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Bosnia and Herzegovina has been in a process of economy reforms, trying to make use of its rich resources.

Before the war, Bosnia and Herzegovina concentrated on the production of basic goods (wood, agricultural produce, iron bars) and intermediate products (parts of cars, parts of shoes, parts of furniture). Other regions of former Yugoslavia bought these intermediate products and used them to make final consumer products. Because of the war, these buyers had to find new suppliers.

Ever since the Dayton Peace Accords were signed at the end of 1995, Bosnia and Herzegovina has been in a long, slow and painful process of economic recovery. The reform process has been slow for a number of reasons. There is no tested recipe for the economic revitalisation of a place that left the world economy as part of a centrally planned country and re-emerged as a war-torn independent country in a competitive free market economy. It is simply not known what such a country should do to adapt. And yet, not all is bad.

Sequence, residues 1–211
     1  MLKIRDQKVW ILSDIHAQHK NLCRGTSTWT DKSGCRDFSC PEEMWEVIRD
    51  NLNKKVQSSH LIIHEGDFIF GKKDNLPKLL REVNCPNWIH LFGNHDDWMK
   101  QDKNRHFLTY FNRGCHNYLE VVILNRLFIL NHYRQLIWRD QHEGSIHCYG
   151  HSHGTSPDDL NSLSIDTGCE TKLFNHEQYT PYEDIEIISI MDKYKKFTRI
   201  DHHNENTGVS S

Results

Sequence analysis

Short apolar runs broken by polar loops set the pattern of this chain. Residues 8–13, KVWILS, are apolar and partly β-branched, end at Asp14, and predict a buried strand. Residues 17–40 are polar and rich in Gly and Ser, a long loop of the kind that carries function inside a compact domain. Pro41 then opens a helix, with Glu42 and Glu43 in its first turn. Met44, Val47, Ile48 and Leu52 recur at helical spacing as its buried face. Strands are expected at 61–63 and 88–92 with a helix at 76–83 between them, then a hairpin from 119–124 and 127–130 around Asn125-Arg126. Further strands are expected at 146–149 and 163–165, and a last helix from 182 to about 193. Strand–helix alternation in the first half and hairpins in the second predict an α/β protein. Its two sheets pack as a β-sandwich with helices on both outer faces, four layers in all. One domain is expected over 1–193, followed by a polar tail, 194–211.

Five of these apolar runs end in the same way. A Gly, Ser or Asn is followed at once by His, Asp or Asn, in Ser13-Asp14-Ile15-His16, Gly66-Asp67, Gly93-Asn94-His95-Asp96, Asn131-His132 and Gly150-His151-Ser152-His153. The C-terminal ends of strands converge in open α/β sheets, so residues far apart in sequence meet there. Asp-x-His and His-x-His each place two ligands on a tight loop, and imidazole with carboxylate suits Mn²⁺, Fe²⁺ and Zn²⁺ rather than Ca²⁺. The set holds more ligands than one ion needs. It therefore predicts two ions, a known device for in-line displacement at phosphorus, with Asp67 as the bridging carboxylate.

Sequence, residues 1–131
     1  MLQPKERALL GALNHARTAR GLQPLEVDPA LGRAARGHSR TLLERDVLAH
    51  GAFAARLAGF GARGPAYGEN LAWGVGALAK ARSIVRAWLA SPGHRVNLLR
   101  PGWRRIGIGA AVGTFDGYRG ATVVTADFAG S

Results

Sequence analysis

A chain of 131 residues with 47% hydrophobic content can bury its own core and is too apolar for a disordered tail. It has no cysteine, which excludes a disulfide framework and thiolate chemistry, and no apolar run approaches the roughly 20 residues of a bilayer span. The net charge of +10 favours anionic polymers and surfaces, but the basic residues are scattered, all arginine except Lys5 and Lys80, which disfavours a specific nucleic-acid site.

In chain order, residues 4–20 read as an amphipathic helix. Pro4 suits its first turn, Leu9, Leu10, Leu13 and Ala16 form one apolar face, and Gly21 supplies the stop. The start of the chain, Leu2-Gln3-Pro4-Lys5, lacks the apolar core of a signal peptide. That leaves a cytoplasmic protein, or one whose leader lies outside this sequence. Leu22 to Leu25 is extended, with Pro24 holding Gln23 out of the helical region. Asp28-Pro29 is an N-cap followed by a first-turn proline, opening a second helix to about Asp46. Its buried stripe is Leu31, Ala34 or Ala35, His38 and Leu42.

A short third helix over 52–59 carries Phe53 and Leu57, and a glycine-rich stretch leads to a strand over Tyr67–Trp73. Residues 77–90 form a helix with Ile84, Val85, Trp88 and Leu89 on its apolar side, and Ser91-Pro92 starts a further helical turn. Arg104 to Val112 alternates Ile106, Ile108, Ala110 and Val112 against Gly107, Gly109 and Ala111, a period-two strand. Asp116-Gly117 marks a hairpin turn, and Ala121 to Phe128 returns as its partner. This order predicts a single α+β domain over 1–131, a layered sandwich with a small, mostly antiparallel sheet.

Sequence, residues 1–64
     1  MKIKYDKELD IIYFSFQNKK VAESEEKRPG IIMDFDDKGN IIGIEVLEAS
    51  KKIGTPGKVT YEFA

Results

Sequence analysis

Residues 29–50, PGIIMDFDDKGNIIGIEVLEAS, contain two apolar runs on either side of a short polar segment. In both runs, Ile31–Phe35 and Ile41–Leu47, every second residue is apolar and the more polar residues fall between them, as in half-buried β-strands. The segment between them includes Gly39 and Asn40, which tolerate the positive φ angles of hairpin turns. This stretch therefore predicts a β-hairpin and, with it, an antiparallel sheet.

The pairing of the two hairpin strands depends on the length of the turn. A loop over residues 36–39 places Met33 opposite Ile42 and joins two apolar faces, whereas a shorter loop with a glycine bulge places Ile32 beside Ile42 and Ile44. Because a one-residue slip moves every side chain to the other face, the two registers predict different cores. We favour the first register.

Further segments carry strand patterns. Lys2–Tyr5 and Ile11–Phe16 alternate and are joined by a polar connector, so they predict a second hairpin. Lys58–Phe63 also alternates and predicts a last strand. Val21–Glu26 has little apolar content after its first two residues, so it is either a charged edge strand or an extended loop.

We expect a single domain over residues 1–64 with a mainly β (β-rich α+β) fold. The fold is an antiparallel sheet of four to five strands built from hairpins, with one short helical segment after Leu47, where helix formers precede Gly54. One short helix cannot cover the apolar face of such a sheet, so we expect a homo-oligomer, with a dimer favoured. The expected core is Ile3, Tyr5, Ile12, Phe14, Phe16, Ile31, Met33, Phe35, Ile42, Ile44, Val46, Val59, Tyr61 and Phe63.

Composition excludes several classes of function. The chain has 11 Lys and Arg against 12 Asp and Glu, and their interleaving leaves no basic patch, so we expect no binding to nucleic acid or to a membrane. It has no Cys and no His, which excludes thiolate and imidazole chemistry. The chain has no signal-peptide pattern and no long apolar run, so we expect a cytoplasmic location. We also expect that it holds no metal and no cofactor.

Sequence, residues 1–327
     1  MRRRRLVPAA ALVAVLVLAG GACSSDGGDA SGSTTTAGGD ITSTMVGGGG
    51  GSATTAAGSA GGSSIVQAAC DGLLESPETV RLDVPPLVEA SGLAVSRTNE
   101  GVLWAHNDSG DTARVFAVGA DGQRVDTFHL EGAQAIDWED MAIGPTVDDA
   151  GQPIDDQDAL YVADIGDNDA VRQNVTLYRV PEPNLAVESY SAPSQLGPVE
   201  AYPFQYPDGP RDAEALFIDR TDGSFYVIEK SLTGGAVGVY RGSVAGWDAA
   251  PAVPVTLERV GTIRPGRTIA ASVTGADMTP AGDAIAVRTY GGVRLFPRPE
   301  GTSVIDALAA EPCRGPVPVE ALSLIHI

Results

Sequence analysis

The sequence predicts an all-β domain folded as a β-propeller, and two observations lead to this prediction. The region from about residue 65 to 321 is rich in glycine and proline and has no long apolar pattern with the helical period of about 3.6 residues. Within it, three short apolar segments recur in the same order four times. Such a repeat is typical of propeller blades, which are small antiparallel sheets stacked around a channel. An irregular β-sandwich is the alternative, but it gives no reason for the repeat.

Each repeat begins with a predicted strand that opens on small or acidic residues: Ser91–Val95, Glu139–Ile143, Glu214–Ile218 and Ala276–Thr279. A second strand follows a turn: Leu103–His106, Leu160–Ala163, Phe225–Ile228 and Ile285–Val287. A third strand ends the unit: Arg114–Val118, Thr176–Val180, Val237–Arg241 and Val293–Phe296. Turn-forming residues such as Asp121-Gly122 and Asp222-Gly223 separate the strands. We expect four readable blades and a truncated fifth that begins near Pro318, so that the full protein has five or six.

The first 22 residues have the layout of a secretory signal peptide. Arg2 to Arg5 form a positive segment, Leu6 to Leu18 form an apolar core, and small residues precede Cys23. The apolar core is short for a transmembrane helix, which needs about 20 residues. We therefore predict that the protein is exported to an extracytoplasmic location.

The currency is strong, inflation is low, the country is not heavily indebted, and much of the infrastructure has by now been reconstructed. Bosnia and Herzegovina is on track to be a new member of the Europe Union. The country is focused on cutting back its bureaucracy, privatise its public companies, and attract foreign investments. Its strategic economic growth plan relies on wood processing, agriculture, tourism, steel, mining, services, textiles and construction materials. The greatest resources of Bosnia and Herzegovina are its rich, lush forests and abundant crystal clear mountain rivers. We aim to protect our natural resources and provide alternative means to sustainable growth through eco-tourism, SME development, and agriculture (particularly small scale organic agricultural).

The heart-shaped land
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